A bit of good news: I got all but two of the 229 proposals marked, and the last two are the best and will be a pleasure to finish up tomorrow. In fact, I think I'm going to ask James if I can use his as a model for future classes. I already asked if I could use his first 101 essay (both versions) as a model; I have model final papers for lit classes but little else, and I want to start pulling together more models. I do think it helps the students if they can see what makes a paper good.

But now it's time to slip into those high heels and triplestep triplestep back step, triplestep triplestep back step (East-Coast swing...).

Monday, December 7, 2009

Well, let's see

I started chipping away at the backlog of homework for tomorrow's 101s, but then I got final paper proposals for 229, and the student need them back by Wednesday so they can revise (and they will need to revise), so I've turned my attention to those. And I'm suffering, so needed a break.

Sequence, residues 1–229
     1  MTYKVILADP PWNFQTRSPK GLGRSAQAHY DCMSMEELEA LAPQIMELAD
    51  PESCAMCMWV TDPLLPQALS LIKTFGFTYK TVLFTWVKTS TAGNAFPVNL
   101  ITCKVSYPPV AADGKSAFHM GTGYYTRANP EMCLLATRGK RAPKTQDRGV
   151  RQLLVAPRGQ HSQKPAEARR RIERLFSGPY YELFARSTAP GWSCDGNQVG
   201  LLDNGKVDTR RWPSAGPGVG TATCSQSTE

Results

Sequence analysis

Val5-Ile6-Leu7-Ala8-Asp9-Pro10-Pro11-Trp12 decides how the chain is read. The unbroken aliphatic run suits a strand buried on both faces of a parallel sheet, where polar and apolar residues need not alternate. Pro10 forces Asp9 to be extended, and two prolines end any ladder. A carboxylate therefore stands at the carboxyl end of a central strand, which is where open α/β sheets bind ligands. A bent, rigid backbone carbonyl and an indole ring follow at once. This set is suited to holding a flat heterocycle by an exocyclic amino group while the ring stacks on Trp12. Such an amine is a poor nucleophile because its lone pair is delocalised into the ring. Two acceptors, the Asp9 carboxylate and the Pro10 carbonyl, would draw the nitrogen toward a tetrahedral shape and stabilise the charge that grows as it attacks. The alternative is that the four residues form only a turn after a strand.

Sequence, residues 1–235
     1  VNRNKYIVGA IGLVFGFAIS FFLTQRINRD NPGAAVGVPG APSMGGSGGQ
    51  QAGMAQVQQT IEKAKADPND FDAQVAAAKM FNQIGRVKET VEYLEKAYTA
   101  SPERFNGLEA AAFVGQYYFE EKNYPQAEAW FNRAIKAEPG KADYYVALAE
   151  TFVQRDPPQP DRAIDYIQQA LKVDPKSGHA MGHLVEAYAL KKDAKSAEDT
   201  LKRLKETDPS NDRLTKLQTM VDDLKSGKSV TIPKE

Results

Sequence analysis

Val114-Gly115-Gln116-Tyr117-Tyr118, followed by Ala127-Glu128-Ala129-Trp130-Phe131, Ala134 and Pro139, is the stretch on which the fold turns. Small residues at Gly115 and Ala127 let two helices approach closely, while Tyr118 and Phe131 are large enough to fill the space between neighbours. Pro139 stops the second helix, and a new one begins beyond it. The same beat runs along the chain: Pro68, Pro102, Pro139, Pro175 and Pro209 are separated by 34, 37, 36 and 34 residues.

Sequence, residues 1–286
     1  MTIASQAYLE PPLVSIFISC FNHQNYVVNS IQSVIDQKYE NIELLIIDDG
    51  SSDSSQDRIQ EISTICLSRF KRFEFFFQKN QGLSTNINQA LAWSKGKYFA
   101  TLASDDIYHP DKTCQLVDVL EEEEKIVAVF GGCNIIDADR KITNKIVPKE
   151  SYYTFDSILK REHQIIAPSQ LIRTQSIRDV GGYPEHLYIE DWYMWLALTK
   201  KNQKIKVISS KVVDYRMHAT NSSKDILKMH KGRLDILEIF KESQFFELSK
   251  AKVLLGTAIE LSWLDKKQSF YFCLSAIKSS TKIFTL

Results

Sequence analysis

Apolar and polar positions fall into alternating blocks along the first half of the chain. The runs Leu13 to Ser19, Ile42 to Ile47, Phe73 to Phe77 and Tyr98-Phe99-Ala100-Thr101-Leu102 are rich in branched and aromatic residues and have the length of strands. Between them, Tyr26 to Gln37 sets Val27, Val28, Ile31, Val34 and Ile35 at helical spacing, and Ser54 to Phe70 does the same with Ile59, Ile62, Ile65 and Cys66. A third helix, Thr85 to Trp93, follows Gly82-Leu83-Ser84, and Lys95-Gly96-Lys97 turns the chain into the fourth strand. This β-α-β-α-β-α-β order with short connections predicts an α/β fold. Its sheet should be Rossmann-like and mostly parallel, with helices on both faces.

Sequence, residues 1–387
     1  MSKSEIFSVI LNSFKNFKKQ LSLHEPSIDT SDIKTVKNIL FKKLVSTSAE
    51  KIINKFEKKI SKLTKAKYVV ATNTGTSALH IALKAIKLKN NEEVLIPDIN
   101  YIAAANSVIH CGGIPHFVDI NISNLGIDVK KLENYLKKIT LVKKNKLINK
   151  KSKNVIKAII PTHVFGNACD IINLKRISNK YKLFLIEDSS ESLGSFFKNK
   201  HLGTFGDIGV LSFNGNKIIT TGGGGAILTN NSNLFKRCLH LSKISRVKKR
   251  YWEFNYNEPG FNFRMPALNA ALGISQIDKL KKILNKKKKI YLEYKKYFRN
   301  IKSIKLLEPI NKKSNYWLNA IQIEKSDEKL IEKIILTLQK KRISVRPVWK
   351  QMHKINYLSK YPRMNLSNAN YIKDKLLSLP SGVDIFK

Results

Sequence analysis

First, apparently I didn't stress sufficiently that the proposals are formal, worth 10% of the final grade, and need to be tended to carefully. I did say it was better to turn in something, anything, rather than nothing--and they took me at my word, as I got three that were simply a couple of scribbled ideas on a sheet of loose-leaf paper (or in one instance, a sheet torn out of one of those marble-cover composition books). Two students say, "I don't know what I'm going to write about yet." How am I supposed to evaluate a working thesis from that? Most hadn't done any research--or had neglected to supply a copy of it for me to evaluate (and since students often completely do not understand the sources they find, it's important for me to be able to evaluate those sources). They are, in short, hardly worth my time to even glance at.